Seeing Stars: Kurt Browning puts a new spin on ice show
||January 4, 2002|
Copyright 2002 The Seattle Times Company
Stars on Ice, with Kurt Browning, Tara Lipinski, Kristi Yamaguchi,
Katarina Witt and Ilia Kulik, along with Steven Cousins, Denis Petrov,
Lucinda Ruh, and pairs skaters Anjelika Krylova and Oleg Ovsiannikov,
and Jenni Meno and Todd Sand. 7:30 p.m. tomorrow, KeyArena, Seattle
Center. $38-$55. 206-628-0888.
It seems like every week or so, you can flick on your television
and catch another ice-skating competition or glossy variety special on
But for fans of figure skating (and there are a lot of us out
here), there is nothing like the thrill of watching a superbly trained
and gifted skater perform that triple toe loop or flying camel spin in
Few of us will get the chance to catch the hotly contested 2002
Winter Olympics figure-skating competitions close-up and personal in
Salt Lake City.
But the chance to take in the twirling, soaring and fancy footwork
of some of the world's best, most-honored professional skaters arrives
here annually, with the Stars on Ice show.
The nationally touring event, which comes to the KeyArena tomorrow
night, features Olympic gold medallists Tara Lipinski, Kristi
Yamaguchi, Katarina Witt and Ilia Kulik tripping the ice fantastic.
And in the absence of beloved Olympic champ Scott Hamilton, who
co-founded Stars on Ice in 1986 and retired from it last year,
Canadian skater Kurt Browning serves as the unofficial master of
ceremonies for the 61-city tour.
It is an apt succession: A few years after scoring four World
Figure Skating Championship victories and numerous top Canadian
skating prizes, Browning, 35, remains a gregarious, limber performer
with a loyal following and a passion for trying out new routines and
"I'm one of the veterans in the Stars on Ice cast, so I feel like
a bit of a baton is being passed," says Browning, an Alberta native
who lives in Toronto with his ballerina wife, Sonia Rodriguez. "It's
nice people are giving me this leadership role, but I think the best
way to lead is by example, by giving yourself on the ice 100 percent
"Of course," he adds, "I've been very inspired by Scott's example,
and by (Olympic gold medallist) Brian Boitano, because they didn't let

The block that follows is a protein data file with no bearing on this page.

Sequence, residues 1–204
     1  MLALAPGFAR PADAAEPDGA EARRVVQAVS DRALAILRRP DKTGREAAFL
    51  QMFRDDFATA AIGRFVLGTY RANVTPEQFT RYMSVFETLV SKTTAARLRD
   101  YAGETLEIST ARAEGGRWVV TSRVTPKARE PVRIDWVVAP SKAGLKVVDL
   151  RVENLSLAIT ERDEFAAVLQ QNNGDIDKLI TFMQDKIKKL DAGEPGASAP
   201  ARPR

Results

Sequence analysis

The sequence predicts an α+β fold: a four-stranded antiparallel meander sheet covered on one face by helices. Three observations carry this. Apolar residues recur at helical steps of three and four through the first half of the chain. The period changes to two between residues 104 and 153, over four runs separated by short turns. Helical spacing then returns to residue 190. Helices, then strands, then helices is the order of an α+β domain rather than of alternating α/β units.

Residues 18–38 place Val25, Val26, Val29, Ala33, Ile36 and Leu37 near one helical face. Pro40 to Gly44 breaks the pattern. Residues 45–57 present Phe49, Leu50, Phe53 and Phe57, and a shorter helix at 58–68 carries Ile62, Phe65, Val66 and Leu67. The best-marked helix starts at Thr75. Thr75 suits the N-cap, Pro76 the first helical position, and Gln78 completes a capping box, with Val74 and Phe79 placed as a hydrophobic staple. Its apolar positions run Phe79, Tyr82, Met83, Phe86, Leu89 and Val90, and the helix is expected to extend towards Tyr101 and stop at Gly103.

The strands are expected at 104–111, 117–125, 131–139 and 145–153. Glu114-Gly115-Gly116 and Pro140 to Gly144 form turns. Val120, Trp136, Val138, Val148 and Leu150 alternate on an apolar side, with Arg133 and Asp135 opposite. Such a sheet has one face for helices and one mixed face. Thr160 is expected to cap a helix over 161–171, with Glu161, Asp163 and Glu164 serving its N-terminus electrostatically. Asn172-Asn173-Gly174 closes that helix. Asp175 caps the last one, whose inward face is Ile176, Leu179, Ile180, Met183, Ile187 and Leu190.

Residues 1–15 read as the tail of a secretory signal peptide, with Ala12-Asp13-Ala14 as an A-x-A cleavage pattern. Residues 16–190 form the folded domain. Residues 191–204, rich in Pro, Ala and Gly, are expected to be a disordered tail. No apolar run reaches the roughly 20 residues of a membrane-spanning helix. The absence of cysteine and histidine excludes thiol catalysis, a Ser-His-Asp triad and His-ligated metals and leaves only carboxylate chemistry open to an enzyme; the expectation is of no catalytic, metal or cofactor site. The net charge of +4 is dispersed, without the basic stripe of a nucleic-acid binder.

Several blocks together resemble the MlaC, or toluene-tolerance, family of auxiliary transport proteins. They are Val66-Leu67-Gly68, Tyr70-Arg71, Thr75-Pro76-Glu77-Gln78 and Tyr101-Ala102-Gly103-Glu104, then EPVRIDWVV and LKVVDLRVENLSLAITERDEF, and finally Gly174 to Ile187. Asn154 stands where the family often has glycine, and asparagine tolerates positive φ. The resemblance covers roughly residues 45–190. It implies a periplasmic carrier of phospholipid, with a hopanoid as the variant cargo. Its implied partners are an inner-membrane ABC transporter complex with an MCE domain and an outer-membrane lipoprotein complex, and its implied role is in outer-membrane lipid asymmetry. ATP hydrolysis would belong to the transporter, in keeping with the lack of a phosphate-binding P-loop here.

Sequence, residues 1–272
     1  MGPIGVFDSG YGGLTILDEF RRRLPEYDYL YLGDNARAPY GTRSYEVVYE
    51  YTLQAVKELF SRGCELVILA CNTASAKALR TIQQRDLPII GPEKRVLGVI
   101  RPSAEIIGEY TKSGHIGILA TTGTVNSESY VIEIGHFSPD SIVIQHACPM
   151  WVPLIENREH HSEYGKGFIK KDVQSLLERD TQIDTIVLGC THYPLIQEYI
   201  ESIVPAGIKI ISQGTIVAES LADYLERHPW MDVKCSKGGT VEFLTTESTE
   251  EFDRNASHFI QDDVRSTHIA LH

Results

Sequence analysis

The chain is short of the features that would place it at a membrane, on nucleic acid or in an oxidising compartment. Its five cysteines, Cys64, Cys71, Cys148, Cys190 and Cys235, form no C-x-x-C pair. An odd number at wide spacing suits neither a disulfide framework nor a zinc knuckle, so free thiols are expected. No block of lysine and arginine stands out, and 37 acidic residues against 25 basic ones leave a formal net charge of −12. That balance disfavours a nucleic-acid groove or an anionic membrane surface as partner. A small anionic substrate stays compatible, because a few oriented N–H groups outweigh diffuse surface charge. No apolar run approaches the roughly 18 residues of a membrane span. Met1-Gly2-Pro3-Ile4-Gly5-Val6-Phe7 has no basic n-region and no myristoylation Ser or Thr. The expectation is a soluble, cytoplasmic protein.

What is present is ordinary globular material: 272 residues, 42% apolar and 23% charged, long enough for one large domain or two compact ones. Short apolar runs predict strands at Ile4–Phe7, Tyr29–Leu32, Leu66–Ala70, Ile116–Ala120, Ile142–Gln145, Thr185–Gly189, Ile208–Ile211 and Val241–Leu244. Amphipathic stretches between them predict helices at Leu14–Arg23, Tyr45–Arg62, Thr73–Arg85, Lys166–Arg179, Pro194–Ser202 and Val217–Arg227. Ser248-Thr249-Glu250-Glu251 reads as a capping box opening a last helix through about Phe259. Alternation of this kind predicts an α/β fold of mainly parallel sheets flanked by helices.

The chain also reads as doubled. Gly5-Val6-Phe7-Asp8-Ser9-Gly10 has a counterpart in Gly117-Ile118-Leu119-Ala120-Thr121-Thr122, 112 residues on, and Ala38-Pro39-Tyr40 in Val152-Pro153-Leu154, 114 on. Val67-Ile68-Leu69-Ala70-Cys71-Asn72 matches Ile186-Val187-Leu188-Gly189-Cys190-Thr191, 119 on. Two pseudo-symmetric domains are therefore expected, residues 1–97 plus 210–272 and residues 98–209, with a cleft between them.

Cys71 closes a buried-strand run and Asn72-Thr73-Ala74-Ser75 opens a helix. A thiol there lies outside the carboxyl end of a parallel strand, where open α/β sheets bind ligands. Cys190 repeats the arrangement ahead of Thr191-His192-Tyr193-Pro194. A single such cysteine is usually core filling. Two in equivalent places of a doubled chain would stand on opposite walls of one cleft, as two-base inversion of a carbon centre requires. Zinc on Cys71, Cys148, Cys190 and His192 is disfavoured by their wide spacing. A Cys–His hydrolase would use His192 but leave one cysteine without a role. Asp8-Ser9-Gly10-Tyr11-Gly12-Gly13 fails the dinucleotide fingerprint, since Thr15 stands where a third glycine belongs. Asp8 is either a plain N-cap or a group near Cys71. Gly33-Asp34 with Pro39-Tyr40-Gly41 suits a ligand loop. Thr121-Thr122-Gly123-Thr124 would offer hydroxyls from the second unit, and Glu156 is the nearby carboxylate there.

up when they turned pro. And by Brian Orser, who is 40 now and skating
better than ever."
Browning knows he is fortunate to have entered pro figure skating
during a huge spike in its popularity. Skaters who "go pro" after
competing in the top athletic contests can sustain careers longer than
ever -- if they remain healthy and keep the creative fires burning.
The latter seems to be no problem for Browning. In his recent TV
ice specials "Kurt Browning's Gotta Dance" and "You Must Remember
This," he has paid skating homage to Gene Kelly and performed with
musical-theater stars Tommy Tune and Ben Vereen.
And his solo numbers have ranged memorably from a tribute to
Humphrey Bogart in "Casablanca," to mock rock-star turns, to a new
With such leading ice choreographers as Sandra Bezic, Michael
Seibert and Christopher Dean (of the matchless champion ice-dance team
Torvill and Dean) concocting the moves, Stars on Ice is still the
Rolls Royce of live skating extravaganzas.
"There are always a lot of great skaters who want to do this tour,
because the standard is so high," declares Browning. "This year Kristi
(Yamaguchi) and Denis Petrov are doing a beautiful duet. Stephen
Cousins is doing a really funny thing to the song 'What's New
"And Chris Dean has come up with this terrific number where we're
all whirling these lit-up vanity tables around in an affectionate,
tango-esque display of love."
Among Browning's favorite bits is one he devised with the help of
his friend Ed Robertson, from the rock band Barenaked Ladies. "We made
up a song on the spot in my house, and the next day Ed recorded it. It
sort of displays my technical abilities."
Browning's technical prowess, coupled with his intrinsic
showmanship, is what catapulted him to success. He was, in fact, the
first skater to land a quadruple jump in world competition.
Age has made those quads and triples tougher now, he admits
amiably. "In competition I was doing, like, nine big jumps. It's a bit
frustrating because I love jumping so much, and it's definitely
harder. But I try to do at least a triple axel in every show, maybe a
triple-triple combination. People are paying $50 to see us, and I want
to give them my all."
As for the screams of young female fans, Browning stills elicits
some but doesn't mind that the boyish 24-year old Russian blader Ilia
Kulik is the real heartthrob of the current show.
"It's evolutionary," Browning laughs. "They used to scream for me,
then for Elvis (Stojko), now for Ilia. We each get our turn."